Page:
Amy Poehler, Aziz Ansari, Rashida Jones, and writers Greg Daniels and Michael Schur just got the room laughing here at the TCA press tour in their first session for their new show. (Seriously, go here to hear about Poehler's Jason Bourne connection.)The show's still untitled, but we now know a little bit about the plot: Poehler plays Leslie, a mid-level local government operative who partners with Jones's character to help get a park built. Ansari plays a schmoozing networker who's most interested in his own rise. Here's some of what we learned:
- Despite Poehler's role as a woman in local politics who believes she could one day rise to the top, we shouldn't look at the show as a satire of any recent political events. "It really doesn't specifically deal in any way with tapping into any of those women," Poehler said. "But [Leslie] certainly looks at a lot of the women in media and politics right now as her heroes. They're sort of her Cal Ripkins."
- More about Leslie: "Leslie is an optimist, and she's really ambitious," Poehler said. "She's really kind of hoping that the place she is now is not the place she's going to stay. So she really is struggling to find her way in a man's world, to kind of make her mark. Along the way, she's deluded." She's nice, but not too nice: "it's going to be very easy to humiliate and be mean to me in the show."
- About that title: Daniels said they just haven't found the right words to sum up the show yet — but they kind of spoof their own difficulties in the pilot with a section about finding the perfect name for their public works project.
- The realm of local politics isn't new to Poehler: "My parents watch town council metings on their TV," she said. "They sit and wtch them and care, obviously, about what is next to them — what is being built, or are they going to put a prison where the muffin shop used to be."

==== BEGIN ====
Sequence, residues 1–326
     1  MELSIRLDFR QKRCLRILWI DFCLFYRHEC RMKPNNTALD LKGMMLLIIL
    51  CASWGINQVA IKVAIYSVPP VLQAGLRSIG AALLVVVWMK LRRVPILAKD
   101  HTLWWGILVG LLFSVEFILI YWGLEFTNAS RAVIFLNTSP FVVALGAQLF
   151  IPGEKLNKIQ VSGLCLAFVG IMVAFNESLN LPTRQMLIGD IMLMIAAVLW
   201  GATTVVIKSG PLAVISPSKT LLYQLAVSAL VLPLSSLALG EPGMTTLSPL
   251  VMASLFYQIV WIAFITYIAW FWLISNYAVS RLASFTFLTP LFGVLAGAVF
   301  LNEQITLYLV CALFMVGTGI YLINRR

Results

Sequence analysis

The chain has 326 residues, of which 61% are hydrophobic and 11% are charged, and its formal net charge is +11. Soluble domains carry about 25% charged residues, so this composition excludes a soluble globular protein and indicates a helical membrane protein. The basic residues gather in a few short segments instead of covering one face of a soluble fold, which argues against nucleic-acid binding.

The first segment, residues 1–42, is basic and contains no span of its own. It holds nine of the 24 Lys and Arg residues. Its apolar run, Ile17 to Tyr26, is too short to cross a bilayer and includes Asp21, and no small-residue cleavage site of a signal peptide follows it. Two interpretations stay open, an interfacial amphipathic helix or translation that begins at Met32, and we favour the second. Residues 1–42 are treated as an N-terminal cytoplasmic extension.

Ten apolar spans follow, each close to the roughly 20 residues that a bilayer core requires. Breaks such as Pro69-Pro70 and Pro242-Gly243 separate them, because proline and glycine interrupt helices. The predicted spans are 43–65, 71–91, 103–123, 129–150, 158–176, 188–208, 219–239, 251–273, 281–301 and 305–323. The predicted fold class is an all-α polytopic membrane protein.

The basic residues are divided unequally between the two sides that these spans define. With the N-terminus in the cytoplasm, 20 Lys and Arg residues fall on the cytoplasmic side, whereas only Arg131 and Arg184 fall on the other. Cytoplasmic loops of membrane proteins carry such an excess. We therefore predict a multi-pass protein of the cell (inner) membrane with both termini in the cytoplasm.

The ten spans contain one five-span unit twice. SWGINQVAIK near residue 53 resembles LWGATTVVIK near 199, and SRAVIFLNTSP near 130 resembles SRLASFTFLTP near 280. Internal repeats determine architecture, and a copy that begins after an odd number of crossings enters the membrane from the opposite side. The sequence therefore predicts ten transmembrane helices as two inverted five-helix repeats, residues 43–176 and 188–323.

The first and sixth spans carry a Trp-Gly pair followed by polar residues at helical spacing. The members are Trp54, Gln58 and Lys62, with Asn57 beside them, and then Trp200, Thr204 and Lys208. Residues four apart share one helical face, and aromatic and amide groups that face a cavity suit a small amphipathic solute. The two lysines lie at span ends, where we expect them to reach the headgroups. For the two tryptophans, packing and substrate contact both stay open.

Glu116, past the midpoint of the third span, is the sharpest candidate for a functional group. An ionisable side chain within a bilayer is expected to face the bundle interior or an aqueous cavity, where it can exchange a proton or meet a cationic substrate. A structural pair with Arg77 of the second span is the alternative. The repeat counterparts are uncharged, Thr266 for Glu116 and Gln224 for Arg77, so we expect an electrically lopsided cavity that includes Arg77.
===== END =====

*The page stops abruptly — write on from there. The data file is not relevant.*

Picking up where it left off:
To find out why Poehler took the job and whether there will ever be a proper Office spinoff, read more.
- Poehler took the job because she wanted to work with Schur and Daniels, and she also "was excited at the idea of being able to turn the volume down a little bit and sit with a character for a while."
- The project started out being described as an Office spinoff mostly because at the time, "we didn't have any ideas," Daniels said. They considered ideas both spinning directly off Dunder Mifflin and ones outside, but "as we thought of different ideas, the ideas that were set in the paper industry or something like that, it felt hard to get far enough away from The Office that you would consider it justified for a whole different show," he said.
- That said, there is now another idea for a true spinoff involving some Office characters that could materialize someday. No details on that, though.
- No plans at this time for any actual politicians to show up on this show — but "anybody who's the hot comptroller could come on," Poehler cracked.